-The progressive destruction of universal prosperity with over-regulation, expensive government programmes of questionable social value, the promoted addiction of "false value" material items, and the generation of chronic wealth extremes of which further isolates wealth from young families.

-The aggressive promotion of contraception and the legalisation of abortion.

-The promotion of so-called women's liberation to help drive women into the workforce and likewise encourage them away from their child rearing role.

-The promotion of premature sexualisation, which I believe actually achieves the [intended?] opposite in that sex itself becomes de-sexualised.

Our version of cultural sexualisation (western world) seems to me to lead to the trivialisation of sex which, in my opinion, damages the human pair-bonding function by effectively promoting promiscuity and likewise the de-personalisation of sex. I believe that much of this promiscuity may have resulted from confusion in many young people's minds as to the natural place of sex, and also social pressures deriving from the promoted idea that casual sex is inherently normal. In turn, the damaged pair-bonding function erodes the family unit by compromising its ability to even evolve in the first place, in a natural way. The final result may be the reduced capacity to experience the desire to have children, as the development of the emotional conditions to (want to) do as such have been undermined.

Also note that making a "hook-up" culture by de-stigmatising sex before marriage helps to delay marriage, which in turn helps to delay the beginning of a family and ultimately its size.

-The generous investment in social security for pensioners.

This mostly eliminates the motive to have children for the sake of being taken care of in old age.

-Public policy's [relating to my former observed policy trends] reinforced with the promotion of "political correctness".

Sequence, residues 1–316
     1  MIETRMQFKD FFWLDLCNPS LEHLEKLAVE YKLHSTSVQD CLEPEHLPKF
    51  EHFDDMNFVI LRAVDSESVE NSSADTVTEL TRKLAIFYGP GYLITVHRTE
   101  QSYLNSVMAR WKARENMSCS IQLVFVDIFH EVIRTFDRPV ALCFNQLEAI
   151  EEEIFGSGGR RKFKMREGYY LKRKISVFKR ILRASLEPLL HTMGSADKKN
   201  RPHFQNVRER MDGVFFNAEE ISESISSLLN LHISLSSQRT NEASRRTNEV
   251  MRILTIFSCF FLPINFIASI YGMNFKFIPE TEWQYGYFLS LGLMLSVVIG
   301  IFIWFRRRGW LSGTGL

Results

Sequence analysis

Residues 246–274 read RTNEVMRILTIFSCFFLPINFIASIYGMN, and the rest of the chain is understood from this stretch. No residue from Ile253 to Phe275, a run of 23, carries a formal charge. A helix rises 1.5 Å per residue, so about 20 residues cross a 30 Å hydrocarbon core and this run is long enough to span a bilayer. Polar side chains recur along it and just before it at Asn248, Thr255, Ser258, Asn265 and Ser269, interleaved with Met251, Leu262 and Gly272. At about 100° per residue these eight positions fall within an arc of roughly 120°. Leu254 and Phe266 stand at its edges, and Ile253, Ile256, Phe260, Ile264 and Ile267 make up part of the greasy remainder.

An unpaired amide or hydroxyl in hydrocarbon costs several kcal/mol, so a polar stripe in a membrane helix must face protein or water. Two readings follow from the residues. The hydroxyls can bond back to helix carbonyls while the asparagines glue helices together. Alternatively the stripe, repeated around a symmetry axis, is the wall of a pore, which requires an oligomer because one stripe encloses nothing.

Political correctness works as an assault on objectivity, because it encourages people to believe that there are "right" and "wrong" things to believe in, and on primarily emotive (or attitudinal) as opposed to objective grounds. A simple example: The popular term "climate change denier" helps to suppress objective debate on carbon-induced climate change, because if you do not believe that carbon-induced climate change is real (or acceptably validated) then not only are you foolishly wrong, but you are also some kind of Nazi-flavoured dork? i.e. emotional pressure driving people to believe the "right" things on non-objective grounds.

From my outlook, that's what 'political correctness' effectively is, and functionally achieves. In short, political correctness is propaganda. It's about winning an ideological war without objective debate.

....These are just some observations. I'm sure others could be suggested.


The reason why this is a rational conspiracy theory is because it does actually make sense. You don't have to find a "Mr Bad Guy" in the theory because the baby boom did indeed need to end. And historically it was unlikely to be endable by public consent. In turn it might, quite understandably, have been decided that population control would have had to be indirectly facilitated to stop the baby boom.Personally, I would not be surprised if post WW2 public policy was heavily affected by the single question: "How do we stop the baby boom?".

China is an interesting contrasting example. It shows us how seriously at least one government has responded to the population problem. As China is a dictatorship they do not have to ask, they just dictate. And as we know they have dictated a one-child only policy. Interestingly, they are also going through explosive economic development due to their lack of regulatory constraints [not like what the western world has enforced on itself] and also due to the intensive economic investment in China provided from the western world. Is this their reward for accepting direct population caps? Indirect conditions do not have to be enforced? I for one would not be surprised.